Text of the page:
ELM will:

  • Implement policies that drive equitable access to decarbonization, such as electrified housing, zero emissions vehicle, and reliable public transit;
  • Secure siting and permitting reforms that accelerate clean energy development while improving health and economic opportunity in environmental justice communities;
  • Pass legislation banning products using PFAS (per- and polyfluoroalkyl substances);
  • Advocate for financing to electrify Commuter Rail lines, starting with those serving and traveling through environmental justice communities; and
  • Ensure that air quality impacts within environmental justice communities are monitored and considered alongside cumulative impacts during permitting processes.

Our Approach

ELM helps set the direction and content of climate policy discourse in Massachusetts. We ensure that our policy advocacy and partnerships are mutually reinforcing, elevating our impact on our Commonwealth and beyond.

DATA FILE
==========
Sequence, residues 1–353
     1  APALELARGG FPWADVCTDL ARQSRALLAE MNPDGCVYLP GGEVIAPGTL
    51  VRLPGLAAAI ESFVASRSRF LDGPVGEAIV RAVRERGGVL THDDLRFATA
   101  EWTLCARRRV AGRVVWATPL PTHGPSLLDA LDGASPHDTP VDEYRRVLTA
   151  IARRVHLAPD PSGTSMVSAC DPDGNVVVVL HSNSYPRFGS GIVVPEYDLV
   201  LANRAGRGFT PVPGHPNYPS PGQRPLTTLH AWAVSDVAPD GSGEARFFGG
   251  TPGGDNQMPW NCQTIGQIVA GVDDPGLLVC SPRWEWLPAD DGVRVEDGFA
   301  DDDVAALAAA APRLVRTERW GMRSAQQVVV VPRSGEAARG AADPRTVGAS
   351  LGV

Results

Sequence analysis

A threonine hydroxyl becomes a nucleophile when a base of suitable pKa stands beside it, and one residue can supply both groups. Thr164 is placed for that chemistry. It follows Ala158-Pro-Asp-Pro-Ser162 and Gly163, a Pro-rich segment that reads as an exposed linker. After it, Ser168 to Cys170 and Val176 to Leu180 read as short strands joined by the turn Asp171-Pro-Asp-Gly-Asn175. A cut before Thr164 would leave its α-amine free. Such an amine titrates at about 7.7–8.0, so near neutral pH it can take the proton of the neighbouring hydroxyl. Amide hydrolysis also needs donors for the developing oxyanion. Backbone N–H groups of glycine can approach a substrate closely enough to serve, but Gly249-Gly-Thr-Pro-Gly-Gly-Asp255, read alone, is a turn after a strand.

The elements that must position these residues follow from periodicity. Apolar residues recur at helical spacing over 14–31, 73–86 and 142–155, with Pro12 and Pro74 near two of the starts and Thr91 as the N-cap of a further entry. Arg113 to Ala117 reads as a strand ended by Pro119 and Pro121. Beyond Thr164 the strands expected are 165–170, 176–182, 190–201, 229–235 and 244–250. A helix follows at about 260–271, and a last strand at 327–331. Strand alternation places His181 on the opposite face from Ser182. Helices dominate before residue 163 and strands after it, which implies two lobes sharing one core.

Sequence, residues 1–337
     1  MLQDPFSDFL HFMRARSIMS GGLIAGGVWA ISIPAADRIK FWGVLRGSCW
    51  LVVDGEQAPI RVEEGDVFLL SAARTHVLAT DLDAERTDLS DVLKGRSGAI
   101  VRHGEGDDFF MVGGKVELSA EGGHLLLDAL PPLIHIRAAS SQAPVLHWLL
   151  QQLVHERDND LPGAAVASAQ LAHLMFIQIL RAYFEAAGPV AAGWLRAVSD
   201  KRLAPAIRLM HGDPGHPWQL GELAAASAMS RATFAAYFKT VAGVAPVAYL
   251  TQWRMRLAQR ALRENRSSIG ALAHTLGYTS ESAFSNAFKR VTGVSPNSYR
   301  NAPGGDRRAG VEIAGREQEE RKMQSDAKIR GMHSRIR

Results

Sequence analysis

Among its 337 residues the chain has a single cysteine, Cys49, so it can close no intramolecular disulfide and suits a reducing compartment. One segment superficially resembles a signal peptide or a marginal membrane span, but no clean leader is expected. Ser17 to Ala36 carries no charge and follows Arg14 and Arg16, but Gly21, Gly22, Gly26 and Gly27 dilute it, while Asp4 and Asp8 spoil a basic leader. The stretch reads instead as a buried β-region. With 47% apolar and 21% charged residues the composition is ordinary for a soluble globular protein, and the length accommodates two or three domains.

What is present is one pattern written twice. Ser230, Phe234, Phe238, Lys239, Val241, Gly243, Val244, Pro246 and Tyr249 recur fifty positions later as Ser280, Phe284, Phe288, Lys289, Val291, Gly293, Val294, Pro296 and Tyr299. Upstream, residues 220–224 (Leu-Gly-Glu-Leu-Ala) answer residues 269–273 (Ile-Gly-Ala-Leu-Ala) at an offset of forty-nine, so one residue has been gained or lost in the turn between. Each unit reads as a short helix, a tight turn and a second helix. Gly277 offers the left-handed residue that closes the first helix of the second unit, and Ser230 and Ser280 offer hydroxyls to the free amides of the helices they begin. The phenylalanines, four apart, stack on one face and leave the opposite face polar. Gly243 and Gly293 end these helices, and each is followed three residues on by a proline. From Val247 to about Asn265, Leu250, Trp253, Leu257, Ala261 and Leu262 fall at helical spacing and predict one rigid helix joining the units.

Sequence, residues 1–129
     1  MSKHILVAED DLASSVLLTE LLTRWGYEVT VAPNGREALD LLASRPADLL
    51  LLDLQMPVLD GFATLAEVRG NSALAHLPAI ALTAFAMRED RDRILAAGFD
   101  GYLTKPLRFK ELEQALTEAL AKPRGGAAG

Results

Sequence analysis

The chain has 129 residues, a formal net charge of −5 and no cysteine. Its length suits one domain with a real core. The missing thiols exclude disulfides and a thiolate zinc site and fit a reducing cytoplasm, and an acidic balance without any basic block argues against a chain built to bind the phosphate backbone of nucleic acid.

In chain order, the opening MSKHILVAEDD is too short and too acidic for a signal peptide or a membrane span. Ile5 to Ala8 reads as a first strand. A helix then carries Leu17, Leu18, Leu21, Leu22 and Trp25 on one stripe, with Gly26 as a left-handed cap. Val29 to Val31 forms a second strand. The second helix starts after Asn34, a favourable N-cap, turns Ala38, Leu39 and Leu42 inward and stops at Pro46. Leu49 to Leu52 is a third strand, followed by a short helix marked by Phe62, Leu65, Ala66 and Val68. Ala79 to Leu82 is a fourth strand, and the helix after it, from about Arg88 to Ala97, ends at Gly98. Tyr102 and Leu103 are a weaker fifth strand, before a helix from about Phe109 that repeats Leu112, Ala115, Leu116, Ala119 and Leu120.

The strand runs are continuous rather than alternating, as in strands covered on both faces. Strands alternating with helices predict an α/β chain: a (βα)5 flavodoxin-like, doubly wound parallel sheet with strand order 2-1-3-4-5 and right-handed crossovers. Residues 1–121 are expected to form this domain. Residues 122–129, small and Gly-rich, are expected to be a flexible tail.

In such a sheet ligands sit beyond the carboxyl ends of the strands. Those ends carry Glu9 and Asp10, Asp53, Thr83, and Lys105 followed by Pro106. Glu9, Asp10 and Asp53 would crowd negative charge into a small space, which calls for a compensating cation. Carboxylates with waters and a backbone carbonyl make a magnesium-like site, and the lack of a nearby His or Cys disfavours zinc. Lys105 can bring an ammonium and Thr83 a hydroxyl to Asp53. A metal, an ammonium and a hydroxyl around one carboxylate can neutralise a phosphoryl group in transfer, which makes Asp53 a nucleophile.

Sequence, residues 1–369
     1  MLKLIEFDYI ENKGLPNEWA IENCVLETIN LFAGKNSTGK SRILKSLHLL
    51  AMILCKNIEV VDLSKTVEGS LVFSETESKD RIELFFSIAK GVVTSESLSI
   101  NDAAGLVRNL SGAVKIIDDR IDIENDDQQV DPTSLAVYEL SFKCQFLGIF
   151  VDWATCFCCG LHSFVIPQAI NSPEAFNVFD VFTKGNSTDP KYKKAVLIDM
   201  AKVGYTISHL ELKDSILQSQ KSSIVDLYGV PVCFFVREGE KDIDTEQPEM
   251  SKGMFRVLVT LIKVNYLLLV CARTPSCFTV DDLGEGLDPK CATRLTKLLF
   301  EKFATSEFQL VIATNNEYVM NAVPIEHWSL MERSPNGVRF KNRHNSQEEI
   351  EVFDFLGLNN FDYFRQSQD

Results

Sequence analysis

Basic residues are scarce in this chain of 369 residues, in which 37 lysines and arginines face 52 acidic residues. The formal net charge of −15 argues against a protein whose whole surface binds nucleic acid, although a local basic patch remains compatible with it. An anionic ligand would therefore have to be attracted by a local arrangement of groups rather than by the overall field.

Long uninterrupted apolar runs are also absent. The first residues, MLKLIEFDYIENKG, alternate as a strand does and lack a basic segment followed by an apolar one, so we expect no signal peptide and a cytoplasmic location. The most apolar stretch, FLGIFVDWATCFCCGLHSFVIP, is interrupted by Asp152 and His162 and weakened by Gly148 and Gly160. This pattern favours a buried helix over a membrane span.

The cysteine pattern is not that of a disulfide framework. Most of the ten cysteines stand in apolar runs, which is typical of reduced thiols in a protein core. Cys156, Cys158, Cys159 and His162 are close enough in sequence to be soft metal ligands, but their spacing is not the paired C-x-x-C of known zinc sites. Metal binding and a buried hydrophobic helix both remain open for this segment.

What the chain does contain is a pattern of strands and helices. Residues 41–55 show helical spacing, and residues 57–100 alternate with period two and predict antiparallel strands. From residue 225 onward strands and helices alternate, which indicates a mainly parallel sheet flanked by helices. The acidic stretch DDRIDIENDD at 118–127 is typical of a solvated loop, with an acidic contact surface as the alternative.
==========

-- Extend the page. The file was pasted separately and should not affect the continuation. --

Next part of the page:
Advocacy: Educating & Mobilizing Beacon Hill

ELM has the policy expertise and State House insider understanding to propel our vision forward. Over years of collaboration, ELM has earned a reputation as a trusted and inclusive convener. ELM has built trusted relationships with policymakers who are well-equipped and committed to promoting strategic environmental policy solutions.

Strategic Partnerships: Building Broad Coalition Support for Pressing Environmental Issues

ELM’s strength comes in part from equipping leaders across sectors to act with us. By building effective coalitions like New England for Offshore Wind and the Green Budget coalition, we unite diverse voices and effectively drive a shared agenda. We use our influence to elevate marginalized stakeholders and prioritize environmental justice. Through our Corporate Council and our deep working alliances with business associations, we prepare private sector leaders to champion ambitious environmental policy. Our advocacy and lobbying leadership builds cohesion across stakeholders and shapes how influential institutions integrate environmental issues into their policy agendas.

Key Drivers of Success

ELM’s strategy for 2030 relies on world-class talent, building our brand, and growing our base of financial support.

Investing in Our People
Attracting, nurturing, and retaining top talent.